China Sees 60K Deaths Linked to COVID Since Last Month

Beijing official suggests the worst is over
By Newser Editors and Wire Services
Posted Jan 15, 2023 6:32 AM CST
China Sees 60K Deaths Linked to COVID Since Last Month
Family members of the deceased line up for the cremation procedures at a funeral home in Shanghai, China on Jan. 4, 2023.   (Chinatopix Via AP)

China on Saturday reported nearly 60,000 deaths in people who had COVID-19 since early December, when the nation abruptly lifted its strict pandemic restrictions. Those numbers may still underestimate the toll, though the government said the “emergency peak" of its latest surge appears to have passed, per the AP. The toll included 5,503 deaths due to respiratory failure caused by COVID-19 and 54,435 fatalities from other ailments combined with COVID-19 since Dec. 8, the National Health Commission announced. It said those “deaths related to COVID” occurred in hospitals, which means anyone who died at home would not be included in the numbers.

Before Saturday's announcement, the government had released little data about the status of the pandemic for weeks. China stopped reporting data on COVID-19 deaths and infections after lifting anti-virus controls in December despite a surge in infections that began in October and has filled hospitals with feverish, wheezing patients. Hospitals in Beijing across the country have been overwhelmed with patients, and funeral homes and crematoriums have struggled to handle the dead. Infection numbers now appear to be falling based on a decline in the number of patients visiting fever clinics, said a National Health Commission official, Jiao Yahui.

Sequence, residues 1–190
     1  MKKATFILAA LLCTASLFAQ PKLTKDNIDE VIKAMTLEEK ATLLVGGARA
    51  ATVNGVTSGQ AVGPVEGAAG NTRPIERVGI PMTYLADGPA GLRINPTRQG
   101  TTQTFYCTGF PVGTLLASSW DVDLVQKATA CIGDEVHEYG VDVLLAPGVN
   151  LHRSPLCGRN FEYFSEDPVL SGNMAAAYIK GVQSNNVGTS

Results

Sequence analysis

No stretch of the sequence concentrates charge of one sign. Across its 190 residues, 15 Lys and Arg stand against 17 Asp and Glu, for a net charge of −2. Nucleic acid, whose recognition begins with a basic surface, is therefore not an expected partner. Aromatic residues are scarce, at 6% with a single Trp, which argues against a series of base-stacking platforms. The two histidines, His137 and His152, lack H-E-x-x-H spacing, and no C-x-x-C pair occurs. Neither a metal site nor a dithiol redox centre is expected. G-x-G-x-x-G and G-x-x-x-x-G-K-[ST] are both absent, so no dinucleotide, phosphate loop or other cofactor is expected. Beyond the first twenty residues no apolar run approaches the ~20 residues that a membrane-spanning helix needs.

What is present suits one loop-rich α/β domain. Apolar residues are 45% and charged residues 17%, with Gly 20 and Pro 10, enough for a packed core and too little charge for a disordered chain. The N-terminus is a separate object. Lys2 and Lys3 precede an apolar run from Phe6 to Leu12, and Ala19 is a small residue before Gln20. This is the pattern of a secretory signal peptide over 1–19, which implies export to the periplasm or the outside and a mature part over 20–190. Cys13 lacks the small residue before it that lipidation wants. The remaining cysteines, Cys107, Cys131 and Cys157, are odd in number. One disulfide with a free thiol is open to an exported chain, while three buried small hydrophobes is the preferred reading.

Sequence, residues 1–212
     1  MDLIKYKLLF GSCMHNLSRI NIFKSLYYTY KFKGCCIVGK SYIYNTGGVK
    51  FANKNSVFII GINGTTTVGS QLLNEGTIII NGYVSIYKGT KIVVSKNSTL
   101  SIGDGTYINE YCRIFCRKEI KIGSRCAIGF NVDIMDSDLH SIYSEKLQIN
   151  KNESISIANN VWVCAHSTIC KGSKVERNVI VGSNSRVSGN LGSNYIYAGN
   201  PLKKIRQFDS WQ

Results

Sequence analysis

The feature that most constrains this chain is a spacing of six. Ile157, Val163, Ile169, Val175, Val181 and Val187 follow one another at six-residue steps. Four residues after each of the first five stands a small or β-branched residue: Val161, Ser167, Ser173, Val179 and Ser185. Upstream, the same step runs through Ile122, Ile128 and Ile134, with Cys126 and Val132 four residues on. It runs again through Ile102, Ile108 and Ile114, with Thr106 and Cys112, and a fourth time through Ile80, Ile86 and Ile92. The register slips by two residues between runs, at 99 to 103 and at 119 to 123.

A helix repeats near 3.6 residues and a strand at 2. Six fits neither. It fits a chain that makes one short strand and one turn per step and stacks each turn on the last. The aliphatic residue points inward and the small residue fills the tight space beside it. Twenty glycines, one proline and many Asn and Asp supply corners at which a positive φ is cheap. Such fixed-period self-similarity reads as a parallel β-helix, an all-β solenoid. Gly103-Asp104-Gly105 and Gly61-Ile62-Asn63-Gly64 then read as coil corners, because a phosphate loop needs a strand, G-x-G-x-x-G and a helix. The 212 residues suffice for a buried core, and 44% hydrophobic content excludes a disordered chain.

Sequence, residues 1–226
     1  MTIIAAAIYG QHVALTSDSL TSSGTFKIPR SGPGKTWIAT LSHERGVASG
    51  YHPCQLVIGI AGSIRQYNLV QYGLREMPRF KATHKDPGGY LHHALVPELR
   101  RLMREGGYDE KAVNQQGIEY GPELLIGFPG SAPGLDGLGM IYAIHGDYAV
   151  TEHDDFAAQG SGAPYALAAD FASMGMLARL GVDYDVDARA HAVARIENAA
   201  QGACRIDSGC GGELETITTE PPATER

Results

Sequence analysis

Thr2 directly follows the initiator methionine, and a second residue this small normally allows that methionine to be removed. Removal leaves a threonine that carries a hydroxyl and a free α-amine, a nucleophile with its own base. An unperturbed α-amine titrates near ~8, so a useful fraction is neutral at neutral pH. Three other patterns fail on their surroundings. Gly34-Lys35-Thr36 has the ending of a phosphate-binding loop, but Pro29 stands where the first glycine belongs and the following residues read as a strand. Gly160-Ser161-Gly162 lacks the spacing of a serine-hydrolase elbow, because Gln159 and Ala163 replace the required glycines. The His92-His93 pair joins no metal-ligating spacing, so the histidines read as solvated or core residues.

The daily number of people going to those clinics peaked at 2.9 million on Dec. 23 and had fallen by 83% to to 477,000 on Thursday, according to Jiao. “These data show the national emergency peak has passed,” Jiao said at a news conference. Whether China truly has passed a COVID-19 peak is hard to assess, said Dr. Dale Bratzler, chief COVID officer at the University of Oklahoma and head of quality control at the university’s hospital. “That’s difficult to know,” Bratzler said. “China quarantined people indoors, there are many people unvaccinated, the people are vulnerable.”

(Read more China stories.)

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